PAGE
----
New Holland’s Zeppelin Bend: When Brewers Get Distilling Right

I’ve written a lot about the convergence of craft beer and whiskey over the past few years. Brewers and distillers are, at an increasing rate, joining forces to create products that are a result of their collective efforts. And as an equal opportunity drinker, I’m a huge supporter of this trend. You can’t make delicious bourbon barrel-aged beers without used bourbon barrels, right?

But the convergence of beer and whiskey has gone well past the point of sharing resources. There are a host of breweries in the US that have started distilleries under the same roof as their brewing operation. Breweries like Anchor Steam, Rogue, Ballast Point, and New Holland. These brewer/distillers are recognizing that life is just too short to concentrate on only one great thing. And to that I say, Amen!

New_Holland_Dragons_Milk

Photo from New Holland Brewing

Earlier this year during Extreme Beer Fest week in Boston I had the chance to meet up with some of the guys from New Holland Brewing for a beer and spirits dinner at Eastern Standard. New Holland is a Michigan-based producer that’s approaching nearly two decades in business. Their spirits operation launched about ten years in, but even that makes them one of the original brewer distillers in the country.

At the dinner we tried a handful of New Holland’s beers such as Paleooza (an American pale ale), Blue Sunday (a sour ale), and their flagship Dragon’s Milk. The latter of which is a delicious Bourbon Barrel Stout that has become a year-round release for New Holland. Which may make them the only craft brewery in the country that can say that their top selling beer is a stout aged for 90+ days in oak whiskey barrels. Pretty cool if you ask me.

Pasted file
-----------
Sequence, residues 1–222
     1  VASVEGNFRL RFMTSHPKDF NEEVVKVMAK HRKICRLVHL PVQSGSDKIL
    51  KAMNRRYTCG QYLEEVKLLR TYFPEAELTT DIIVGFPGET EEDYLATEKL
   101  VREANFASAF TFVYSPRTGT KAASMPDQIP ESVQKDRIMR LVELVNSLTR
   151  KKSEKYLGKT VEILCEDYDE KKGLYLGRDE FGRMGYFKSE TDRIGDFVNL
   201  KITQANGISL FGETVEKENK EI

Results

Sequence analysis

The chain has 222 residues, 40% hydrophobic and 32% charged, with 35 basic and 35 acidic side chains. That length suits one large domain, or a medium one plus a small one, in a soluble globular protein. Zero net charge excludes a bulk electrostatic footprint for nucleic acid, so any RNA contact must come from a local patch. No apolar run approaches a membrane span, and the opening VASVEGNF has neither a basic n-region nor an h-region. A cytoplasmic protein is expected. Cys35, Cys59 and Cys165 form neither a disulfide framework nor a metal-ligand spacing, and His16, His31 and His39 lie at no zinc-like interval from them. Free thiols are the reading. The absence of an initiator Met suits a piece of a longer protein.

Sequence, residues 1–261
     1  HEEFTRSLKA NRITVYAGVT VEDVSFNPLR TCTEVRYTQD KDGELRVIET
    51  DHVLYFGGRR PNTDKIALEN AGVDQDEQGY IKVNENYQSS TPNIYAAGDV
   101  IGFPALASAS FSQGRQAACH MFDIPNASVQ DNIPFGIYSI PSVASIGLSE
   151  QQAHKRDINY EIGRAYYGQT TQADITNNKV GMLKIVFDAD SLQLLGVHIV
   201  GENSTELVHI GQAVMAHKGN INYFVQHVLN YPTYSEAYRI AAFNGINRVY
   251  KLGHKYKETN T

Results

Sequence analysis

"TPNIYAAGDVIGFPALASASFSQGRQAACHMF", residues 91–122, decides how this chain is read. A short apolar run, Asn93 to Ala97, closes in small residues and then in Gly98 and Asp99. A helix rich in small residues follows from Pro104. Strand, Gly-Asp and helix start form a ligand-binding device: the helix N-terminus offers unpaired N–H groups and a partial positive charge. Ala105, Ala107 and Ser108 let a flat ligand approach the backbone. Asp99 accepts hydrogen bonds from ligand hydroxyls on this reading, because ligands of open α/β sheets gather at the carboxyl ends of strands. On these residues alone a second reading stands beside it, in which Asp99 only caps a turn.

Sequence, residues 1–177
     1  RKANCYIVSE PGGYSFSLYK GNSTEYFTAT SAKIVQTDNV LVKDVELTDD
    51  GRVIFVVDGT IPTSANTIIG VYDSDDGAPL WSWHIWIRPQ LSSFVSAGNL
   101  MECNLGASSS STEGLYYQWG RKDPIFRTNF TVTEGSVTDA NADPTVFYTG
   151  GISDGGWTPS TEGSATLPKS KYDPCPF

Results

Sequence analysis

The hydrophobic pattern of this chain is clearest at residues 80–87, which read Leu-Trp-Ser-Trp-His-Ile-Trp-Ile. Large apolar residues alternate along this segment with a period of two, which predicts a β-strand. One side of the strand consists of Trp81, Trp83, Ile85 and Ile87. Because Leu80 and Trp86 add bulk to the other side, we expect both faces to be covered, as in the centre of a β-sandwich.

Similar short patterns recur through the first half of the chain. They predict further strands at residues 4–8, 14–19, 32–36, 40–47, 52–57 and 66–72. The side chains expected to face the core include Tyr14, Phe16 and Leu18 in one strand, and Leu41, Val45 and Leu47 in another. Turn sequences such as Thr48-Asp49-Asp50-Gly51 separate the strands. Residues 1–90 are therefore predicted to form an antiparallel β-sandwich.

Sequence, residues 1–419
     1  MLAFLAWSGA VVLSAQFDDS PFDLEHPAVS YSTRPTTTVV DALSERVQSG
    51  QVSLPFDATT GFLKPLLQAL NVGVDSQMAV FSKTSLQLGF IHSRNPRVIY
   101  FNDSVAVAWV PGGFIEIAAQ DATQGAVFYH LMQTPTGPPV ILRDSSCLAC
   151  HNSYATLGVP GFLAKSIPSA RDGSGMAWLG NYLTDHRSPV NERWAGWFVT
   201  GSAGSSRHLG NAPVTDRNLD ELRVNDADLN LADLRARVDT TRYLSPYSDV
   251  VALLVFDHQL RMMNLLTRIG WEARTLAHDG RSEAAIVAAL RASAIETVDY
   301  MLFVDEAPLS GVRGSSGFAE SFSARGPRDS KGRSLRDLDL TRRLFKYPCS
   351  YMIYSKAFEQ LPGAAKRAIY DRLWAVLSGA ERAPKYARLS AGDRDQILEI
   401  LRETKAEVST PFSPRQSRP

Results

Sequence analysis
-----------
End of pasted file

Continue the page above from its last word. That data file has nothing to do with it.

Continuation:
In addition to the great line up of beers that were featured, we were also treated to a couple of really stellar cocktails (what else would you expect from Eastern Standard) made with New Holland’s spirits. New Holland’s portfolio of spirits is actually quite extensive for a brewer distiller. It includes gin, vodka, rum, liqueur, barrel-aged versions of many of the aforementioned, and a handful of whiskeys like their Beer Barrel Bourbon and Michigan Wheat Whiskey. The night cap of the dinner was made with New Holland’s straight malt whiskey, Zeppelin Bend, and it just so turned out to be one of my favorite sips of the night. 

New_Holland_Zeppelin_Bend

Photo from New Holland Brewing

I didn’t get to try Zeppelin neat that evening, but thanks to New Holland’s VP Marketing, Joel Petersen, I got to try the whiskey on its own shortly thereafter. And despite some initial skepticism (having nothing to do with New Holland and having everything to do with the overall hit or miss quality of craft spirits in general), I came away really impressed. Zeppelin Bend is a dynamic craft whiskey, full of unique character.

Zeppelin Bend Whiskey: The Details
Zeppelin Bend is made from 100% malted barley, twice distilled and aged in new American oak with a heavy char for a minimum of 3-years. The whiskey is 90 proof and sells for about $50-$60.

The Tasting Notes:
On the nose, I get a deep, dark cocoa, malt, vanilla extract, baking spices, mellow graininess and a splash of orange and cherry. The palate is full bodied with lots of charred wood spice, more of that rich chocolate and vanilla, a hint of nuttiness (maybe walnut), and a sharp, dusty finish.

In Short:
Zeppelin Bend is not only one of the better American craft malt whiskeys made by a brewer/distiller, but I’d put it up there amongst many of the straight craft distillers as well. I really like the deep, dark and chocolatey undertones of this spirit, and although there’s a lot of wood and grain, the whiskey doesn’t seem too young or disjointed. Whether you like sipping neat or drinking in cocktails, I think you’ll find this whiskey quite enjoyable. Recommended. 88 Points

  • Wm Gemmell

    Great article, Terry. Just out of curiosity, do you know what size casks they use for maturation?